Frozen Liquids: Sugar-free gelatin or sugar-free popsicles.

Cold Liquids: Water, smart water, crystal light, green tea, sugar-free juices (apple juice, white grape juice, cranberry juice and strained lemonade).

Hot Liquids: Low-sodium chicken, vegetable or beef broth (fat-free or low-fat) bouillon, or consomme.

Tip: Sip slowly, stop sipping as soon as you feel full and do not use straws because they introduce air into your system.

Stage 3: Soft Food Diet (Days 11-30) After Gastric Sleeve

Stage 3 of the gastric sleeve post op diet gradually re-introduces soft food to your digestive system. Generally, we recommend that you prepare one new solid food per meal (i.e., turkey meatloaf, steamed carrots, etc). Work on eating as much protein as you can while staying hydrated.

Diet Plan: Focus on preparing soft foods high in protein.

Instructions: Continue to record your food consumption to ensure adequate protein and fluid intake.

Vitamins: Continue to take your daily multivitamins and calcium supplements.

Avoid: Alcohol, caffeine, carbonated and sugary beverages

Protein Goal: 60-80 grams per day from soft food combinations.

Fluid Goal: 64 oz (8 cups) per day of sugar-free, calorie-free, non-caffeinated, non-carbonated liquid.

Tip: Focus on eating as much protein as you can. Do not force yourself to eat if you feel full. Continue to chew food slowly and thoroughly. Your digestive system might still be sensitive to spicy foods or dairy products. If you’d like to eat these foods during Stage 3, add them into your diet slowly and in small amounts.

Soft food can include:

  • Soup
  • Canned chicken, tuna and salmon mixed with light mayo
  • Cottage cheese, low fat
  • Diced tuna or chicken
  • Turkey meatloaf and turkey chili
  • Scrambled eggs
  • Steamed carrots, mashed potato
  • Fat-free plain Greek yogurt
  • Oatmeal
  • You can now blend your protein with yogurt and nonfat milk

To puree your foods, choose solid foods that will blend well:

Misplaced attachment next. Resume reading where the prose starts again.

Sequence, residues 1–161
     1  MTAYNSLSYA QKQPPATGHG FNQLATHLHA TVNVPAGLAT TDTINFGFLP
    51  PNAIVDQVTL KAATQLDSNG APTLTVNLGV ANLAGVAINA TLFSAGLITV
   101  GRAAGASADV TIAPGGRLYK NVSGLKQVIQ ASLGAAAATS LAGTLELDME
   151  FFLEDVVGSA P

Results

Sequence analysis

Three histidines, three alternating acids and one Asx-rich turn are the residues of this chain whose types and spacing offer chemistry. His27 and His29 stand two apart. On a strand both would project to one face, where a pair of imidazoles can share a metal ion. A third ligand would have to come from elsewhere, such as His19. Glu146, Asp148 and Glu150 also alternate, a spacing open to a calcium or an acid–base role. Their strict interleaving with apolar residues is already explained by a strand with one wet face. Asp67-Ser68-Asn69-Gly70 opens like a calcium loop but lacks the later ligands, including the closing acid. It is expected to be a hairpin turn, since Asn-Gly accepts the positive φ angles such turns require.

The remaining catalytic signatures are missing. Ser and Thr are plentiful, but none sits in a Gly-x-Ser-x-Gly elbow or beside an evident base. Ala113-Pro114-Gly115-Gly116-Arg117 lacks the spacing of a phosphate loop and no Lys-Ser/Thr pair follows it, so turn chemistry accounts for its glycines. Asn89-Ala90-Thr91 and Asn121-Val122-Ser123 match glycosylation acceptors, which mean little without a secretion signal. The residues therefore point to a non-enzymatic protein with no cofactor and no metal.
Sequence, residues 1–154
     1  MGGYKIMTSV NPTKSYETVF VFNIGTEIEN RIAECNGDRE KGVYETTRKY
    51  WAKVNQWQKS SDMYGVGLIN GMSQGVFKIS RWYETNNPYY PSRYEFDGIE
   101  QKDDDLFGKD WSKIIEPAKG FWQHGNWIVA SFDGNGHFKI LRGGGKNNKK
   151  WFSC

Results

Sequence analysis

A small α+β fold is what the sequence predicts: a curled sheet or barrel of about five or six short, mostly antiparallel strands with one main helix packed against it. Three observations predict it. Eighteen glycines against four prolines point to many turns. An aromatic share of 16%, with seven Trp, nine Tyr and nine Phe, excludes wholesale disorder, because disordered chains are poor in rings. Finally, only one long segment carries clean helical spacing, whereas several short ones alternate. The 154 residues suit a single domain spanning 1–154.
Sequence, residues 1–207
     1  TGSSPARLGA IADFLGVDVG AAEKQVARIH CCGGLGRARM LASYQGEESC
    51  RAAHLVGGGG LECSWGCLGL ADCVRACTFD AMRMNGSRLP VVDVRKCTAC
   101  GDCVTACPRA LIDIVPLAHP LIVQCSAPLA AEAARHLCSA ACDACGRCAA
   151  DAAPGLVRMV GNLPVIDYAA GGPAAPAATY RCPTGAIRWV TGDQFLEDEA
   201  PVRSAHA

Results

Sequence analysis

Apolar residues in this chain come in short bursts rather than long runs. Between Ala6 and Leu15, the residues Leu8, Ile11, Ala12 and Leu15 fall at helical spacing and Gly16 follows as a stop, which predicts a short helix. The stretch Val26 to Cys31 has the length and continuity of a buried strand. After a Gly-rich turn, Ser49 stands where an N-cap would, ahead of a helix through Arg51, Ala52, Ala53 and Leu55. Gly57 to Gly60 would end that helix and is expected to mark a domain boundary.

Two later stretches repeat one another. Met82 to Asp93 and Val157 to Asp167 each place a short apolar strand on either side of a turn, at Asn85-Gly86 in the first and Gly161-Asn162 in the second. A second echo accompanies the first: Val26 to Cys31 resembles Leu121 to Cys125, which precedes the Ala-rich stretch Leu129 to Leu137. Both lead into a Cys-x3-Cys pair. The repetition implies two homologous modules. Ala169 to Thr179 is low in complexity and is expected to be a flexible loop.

• Lean ground meats
  • Beans
  • Fish
  • Egg whites
  • Fat-free or fat-free light yogurt
  • Puree fruits and vegetables
  • Low-fat cottage cheese
  • Part-skim ricotta cheese

Blend the solid food with a liquid:

  • Water
  • Fat-free milk
  • Juice with no sugar added
  • Broth
  • Fat-free gravy

Avoid these foods during Gastric Sleeve Post Op Diet Stage 3:

  • Sugary beverages such as juice
  • Starch foods such as bread, pasta, rice, and raw fruits
  • Ground beef, lobster, scallops, shrimp, or steak
  • Fibrous vegetables such as asparagus, broccoli, celery, or raw leafy greens

Stage 4: Solid Foods Diet (Day 31 and Beyond)

Stage 4 of your gastric sleeve diet re-introduces solid food to your system. It is important that you eat slowly and chew food well because your stomach is still sensitive. Remember, your body must get the protein it needs from Stage 4 so plan your meals carefully.

Instructions: Continue to record your food consumption to ensure adequate protein and fluid intake.

Vitamins: Continue to take your daily multivitamins and calcium supplements.

Calorie Goal: 1,000-1,400 calories per day.

Protein Goal: 60-80 grams per day from different combinations of soft food.

Fluid Goal: 64 oz (8 cups) per day of sugar-free, calorie-free, non-caffeinated, non-carbonated liquid.

Important information for gastric sleeve post op diet patients:

  • Stick to a “schedule” of eating.
  • Do your best to eat as much protein as you can.
  • Take your time eating.
  • Chew food slowly and thoroughly.
  • Do not over eat and never force food down.
  • Protein shakes – continue to have them with one of your meals (ex, lunch or nighttime snack).
  • Chicken or beef – make sure it is cooked, moist and grounded or finally deiced.
  • Fish – you can eat any type, but be careful with bones.
  • Vegetables – make sure they are cooked soft and chew them thoroughly.
  • Sweet potatoes are full of nutrients and a smart choice.

Avoid these foods as they may cause GI problems:

  • Breads
  • Desserts
  • Dried fruits
  • Fast foods
  • Fried foods
  • Granola
  • Nuts
  • Popcorn
  • Seeds
  • Sodas and carbonated beverages
  • Stringy or fibrous vegetables, such as celery, broccoli, corn or cabbage
  • Tough meats or meats with gristle

Patient Guide to Gastric Sleeve Surgery

Leave a Reply

Your email address will not be published. Required fields are marked *